German economy grows more than initially estimated in Q2
The German economy grew more than initially estimated in the second quarter as coronavirus restrictions eased, according to figures released on Tuesday by Destatis.
German GDP growth for the three months to June was revised up to 1.6% quarter-on-quarter from an initial estimate of 1.5%, having contracted 2.0% in the first quarter of the year.
On the year, the German economy grew by a calendar-adjusted 9.4%. This left activity 3.3% below the fourth quarter of 2019, which was the quarter before the start of the pandemic.
The figures showed that private consumer spending rose 3.2% compared to the first quarter, while the state increased its consumer spending by 1.8%. Exports grew 0.5% during the quarter, while imports rose 2.1%.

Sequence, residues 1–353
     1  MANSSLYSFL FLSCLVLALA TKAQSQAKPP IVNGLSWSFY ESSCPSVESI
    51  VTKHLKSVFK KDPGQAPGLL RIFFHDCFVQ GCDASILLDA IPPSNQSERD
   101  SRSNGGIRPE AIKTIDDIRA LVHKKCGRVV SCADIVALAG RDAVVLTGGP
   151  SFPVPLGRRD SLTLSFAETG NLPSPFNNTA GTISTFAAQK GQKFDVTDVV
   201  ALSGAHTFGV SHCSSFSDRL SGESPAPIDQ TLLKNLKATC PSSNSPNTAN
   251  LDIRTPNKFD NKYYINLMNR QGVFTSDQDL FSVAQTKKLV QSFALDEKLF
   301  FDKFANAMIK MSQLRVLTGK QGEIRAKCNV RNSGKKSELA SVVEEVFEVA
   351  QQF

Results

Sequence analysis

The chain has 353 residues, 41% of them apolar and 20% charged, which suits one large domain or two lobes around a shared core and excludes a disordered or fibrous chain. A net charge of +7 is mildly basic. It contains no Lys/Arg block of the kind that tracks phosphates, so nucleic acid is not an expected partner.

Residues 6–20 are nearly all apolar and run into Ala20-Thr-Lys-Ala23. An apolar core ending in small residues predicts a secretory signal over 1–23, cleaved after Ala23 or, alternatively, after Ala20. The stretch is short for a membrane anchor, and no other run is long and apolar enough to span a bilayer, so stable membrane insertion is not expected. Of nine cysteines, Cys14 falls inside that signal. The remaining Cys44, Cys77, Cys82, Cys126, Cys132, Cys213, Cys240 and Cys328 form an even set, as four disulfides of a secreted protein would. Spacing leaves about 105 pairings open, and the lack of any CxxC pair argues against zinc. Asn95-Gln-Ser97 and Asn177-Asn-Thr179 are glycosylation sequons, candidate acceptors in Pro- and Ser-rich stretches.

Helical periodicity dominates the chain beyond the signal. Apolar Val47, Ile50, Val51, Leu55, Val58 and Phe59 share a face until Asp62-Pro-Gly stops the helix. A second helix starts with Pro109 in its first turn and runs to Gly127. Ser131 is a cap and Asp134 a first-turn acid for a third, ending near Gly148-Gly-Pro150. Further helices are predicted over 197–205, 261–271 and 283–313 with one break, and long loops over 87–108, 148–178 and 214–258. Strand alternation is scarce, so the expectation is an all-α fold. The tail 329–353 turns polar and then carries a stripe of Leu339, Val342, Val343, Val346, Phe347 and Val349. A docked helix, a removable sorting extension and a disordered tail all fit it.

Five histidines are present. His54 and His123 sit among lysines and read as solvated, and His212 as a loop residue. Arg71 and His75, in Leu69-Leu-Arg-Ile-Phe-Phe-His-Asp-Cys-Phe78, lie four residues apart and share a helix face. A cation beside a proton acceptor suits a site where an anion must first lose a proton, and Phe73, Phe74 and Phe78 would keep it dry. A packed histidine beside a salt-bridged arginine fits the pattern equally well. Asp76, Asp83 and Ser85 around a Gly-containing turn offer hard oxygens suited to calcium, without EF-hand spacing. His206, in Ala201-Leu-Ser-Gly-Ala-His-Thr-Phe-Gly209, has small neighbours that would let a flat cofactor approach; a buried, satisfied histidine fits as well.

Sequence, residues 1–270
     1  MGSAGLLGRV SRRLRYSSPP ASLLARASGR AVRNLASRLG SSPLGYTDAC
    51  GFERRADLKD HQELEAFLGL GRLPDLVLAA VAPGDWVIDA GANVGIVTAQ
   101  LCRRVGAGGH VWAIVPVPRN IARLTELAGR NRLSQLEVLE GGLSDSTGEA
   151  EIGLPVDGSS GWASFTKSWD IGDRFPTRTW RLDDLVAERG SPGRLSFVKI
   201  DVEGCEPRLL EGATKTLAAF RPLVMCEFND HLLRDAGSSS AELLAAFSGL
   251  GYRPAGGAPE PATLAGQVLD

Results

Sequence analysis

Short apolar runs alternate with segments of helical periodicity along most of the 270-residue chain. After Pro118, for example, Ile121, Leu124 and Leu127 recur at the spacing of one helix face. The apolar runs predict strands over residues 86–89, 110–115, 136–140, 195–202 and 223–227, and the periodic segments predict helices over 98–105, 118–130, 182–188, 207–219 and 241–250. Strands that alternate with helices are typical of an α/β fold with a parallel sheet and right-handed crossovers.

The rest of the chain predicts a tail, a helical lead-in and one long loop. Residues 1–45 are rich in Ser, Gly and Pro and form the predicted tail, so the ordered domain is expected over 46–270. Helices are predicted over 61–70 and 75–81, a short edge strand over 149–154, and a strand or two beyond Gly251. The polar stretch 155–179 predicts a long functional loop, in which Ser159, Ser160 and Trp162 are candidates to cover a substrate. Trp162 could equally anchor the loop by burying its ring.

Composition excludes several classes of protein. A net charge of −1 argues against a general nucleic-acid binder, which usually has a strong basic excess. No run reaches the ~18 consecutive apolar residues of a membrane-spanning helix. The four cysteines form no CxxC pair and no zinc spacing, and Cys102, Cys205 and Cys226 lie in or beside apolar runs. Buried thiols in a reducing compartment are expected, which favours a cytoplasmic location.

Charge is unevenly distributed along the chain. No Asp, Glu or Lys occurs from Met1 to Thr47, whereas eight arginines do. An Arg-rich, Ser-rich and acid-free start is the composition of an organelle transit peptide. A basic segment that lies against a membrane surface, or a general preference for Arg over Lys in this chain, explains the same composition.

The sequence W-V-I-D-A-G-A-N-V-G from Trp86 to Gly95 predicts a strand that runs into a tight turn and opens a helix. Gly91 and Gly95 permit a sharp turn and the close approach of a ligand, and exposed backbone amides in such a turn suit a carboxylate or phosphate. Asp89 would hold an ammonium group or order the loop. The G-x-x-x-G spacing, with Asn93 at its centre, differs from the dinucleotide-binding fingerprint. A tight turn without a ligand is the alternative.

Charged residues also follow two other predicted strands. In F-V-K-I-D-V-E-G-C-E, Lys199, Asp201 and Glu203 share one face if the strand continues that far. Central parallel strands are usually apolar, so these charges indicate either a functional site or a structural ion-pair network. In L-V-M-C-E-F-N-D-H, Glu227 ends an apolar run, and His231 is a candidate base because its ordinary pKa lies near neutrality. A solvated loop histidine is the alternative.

ING economist Carsten Brzeski said: "The rebound of the German economy was weaker than in many other eurozone countries as the manufacturing sector suffered from supply chain problems. In fact, the economy showed two faces in the second quarter.
"One of strong domestic demand with private consumption increasing by 3.2% quarter-on-quarter and government spending up by 1.8% and one of almost sluggish investment and exports (both up by 0.5% QoQ each). Of all components, only government spending has currently returned to pre-crisis levels."
Brzeski said he still expects the German economy to return to pre-crisis levels before the end of the year.
"However, to really get there, the current supply chain frictions must not last for too long."